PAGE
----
One year on: Technology transformation helps businesses run better than ever

2degrees’ Shaping Business Study returns, showing Covid is no match for resilient and adaptable Kiwi businesses

  • More than a third (39%) of employing businesses say they could operate better in the face of another lockdown than they could at the start of the March 2020 lockdown
  • Two in five businesses were surprised at how quickly they could adapt to focus more online, with nearly half (47%) of sole traders and 20% of employing businesses switching their business focus to online in under a month
  • Over half (52%) say their business relationships haven’t suffered due to less face-to-face interaction, but highlight broadband as the most important tool for operating their business and staying connected (84%)

25 March 2021 – 2degrees’ Shaping Business Study returns for its second year, revealing the important role that technology and digitisation has played in keeping Kiwi businesses moving in the one year since the first nationwide Covid-19 lockdown.

The 2degrees Shaping Business Study, which surveyed more than 1,000 businesses, found that in spite of the immense pressures faced at the time, business leaders have seen silver linings from leveraging technology. 

A stronger propensity for adaptability and resilience, a growing focus in online capability, improvements to workplace culture and enhanced digital skills are just some of the ways that technology has helped New Zealand businesses keep pace over the rollercoaster 12 months, since March 2020.

Findings show that 39% of employing business decision makers believe their business could run better in the face of another lockdown than it did in the March 2020 Covid-19 lockdown, which forced many businesses to quickly accelerate their digitisation plans in order to remain connected and increase the mobility of their workforce.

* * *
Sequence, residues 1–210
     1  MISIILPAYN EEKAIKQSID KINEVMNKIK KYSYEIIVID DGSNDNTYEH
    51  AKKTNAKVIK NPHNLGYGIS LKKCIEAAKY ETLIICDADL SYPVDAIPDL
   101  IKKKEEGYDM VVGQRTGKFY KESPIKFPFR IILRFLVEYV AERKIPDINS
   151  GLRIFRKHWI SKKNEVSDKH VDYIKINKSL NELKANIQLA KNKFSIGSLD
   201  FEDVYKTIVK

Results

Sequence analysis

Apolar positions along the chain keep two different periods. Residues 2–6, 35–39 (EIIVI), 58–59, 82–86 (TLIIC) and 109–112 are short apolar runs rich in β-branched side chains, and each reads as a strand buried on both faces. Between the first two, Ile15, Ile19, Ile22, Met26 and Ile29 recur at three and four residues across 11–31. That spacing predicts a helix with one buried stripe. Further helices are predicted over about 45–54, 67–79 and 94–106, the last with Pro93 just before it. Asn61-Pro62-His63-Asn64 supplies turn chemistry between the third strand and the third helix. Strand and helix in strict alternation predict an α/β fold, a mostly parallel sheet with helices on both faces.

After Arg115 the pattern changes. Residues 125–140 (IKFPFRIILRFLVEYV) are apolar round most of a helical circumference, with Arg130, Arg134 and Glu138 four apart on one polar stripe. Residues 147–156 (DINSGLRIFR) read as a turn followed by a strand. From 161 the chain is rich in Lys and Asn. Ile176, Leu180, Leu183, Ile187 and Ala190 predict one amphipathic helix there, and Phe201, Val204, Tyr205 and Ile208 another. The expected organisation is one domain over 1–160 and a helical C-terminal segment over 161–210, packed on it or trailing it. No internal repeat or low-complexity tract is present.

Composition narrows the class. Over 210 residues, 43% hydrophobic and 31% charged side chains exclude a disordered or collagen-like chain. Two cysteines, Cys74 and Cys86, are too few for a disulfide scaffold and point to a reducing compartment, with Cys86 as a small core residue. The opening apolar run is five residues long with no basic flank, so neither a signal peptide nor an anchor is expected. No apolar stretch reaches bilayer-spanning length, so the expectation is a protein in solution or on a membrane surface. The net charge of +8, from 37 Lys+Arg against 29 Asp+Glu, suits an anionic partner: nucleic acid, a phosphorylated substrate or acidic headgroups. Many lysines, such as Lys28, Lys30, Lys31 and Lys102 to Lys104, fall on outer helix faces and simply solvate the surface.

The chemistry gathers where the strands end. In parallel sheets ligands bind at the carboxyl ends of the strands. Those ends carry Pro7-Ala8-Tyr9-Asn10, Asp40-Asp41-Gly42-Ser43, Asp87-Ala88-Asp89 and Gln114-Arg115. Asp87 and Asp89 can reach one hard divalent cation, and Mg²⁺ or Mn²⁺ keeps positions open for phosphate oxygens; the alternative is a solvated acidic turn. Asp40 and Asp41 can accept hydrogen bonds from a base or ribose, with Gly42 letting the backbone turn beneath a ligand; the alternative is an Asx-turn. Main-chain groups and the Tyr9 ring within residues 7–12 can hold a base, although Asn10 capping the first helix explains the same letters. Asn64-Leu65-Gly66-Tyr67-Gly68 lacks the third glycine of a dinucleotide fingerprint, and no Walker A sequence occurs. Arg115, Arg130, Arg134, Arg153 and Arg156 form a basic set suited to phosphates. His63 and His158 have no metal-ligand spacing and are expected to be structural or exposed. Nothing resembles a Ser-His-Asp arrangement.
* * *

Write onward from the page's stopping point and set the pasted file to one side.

This focus on digital acceleration included businesses updating digital offerings to meet changing client/customer needs with 48% of employing business decision makers and 41% of sole traders stating this respectively. Employing business decision makers also strongly focussed on offering training for their employees to remain current in the new environment (40%).

Strong and reliable broadband (84%) was identified as the most important tool for employing businesses to remain connected, who also ranked virtual communication tools such as Teams and Zoom as the most critical to drive mobility and meet the changing needs of their consumers. A further 31% said they now opt for virtual meetings to improve operational efficiency and productivity.

Andrew Fairgray, Chief Business Officer at 2degrees, says that technology is central to these positive findings.

“Kiwi businesses recognised that it was crucial that they remain connected to their employees, clients and customers across an unprecedented and challenging year. New Zealand businesses have demonstrated great resilience during Covid-19, and we can clearly see how they have leveraged technology to support digital transformation,” says Andrew.

While it’s clear the true benefits of technology to enhance mobility and business transformation were intensified during lockdown, business decision makers said that further investments would need to ensure specific outcomes to encourage them to invest in more technology solutions, including saving time (39%) and making more money (37%).

“The impact of Covid-19 on businesses’ cash flow and forecasts has meant many have had to invest in new technology to support new ways of working without any certainty that their business can continue.” says Andrew. “That so many businesses did make this investment decision is a testament to opportunities technology enables and I’m confident that Kiwi businesses embracing a more digital model will create a sustained advantage for NZ Inc.”

When reflecting on lockdown in March 2020, employing Kiwi decision makers most valued the adaptability and resilience (25%) of their business, followed by their co-workers (25%).

The 2degrees Shaping Business Study also found that 53% of employing business decision makers reported that Covid-19 actually had a positive impact on workplace culture, with 60% saying that the lockdowns have helped them to see a more human-side to their employees.

“The investment that we have seen will mean the changes are here to stay, with continued refinement around how the employer and employees interact to drive the best outcomes and culture for the business,” says Andrew.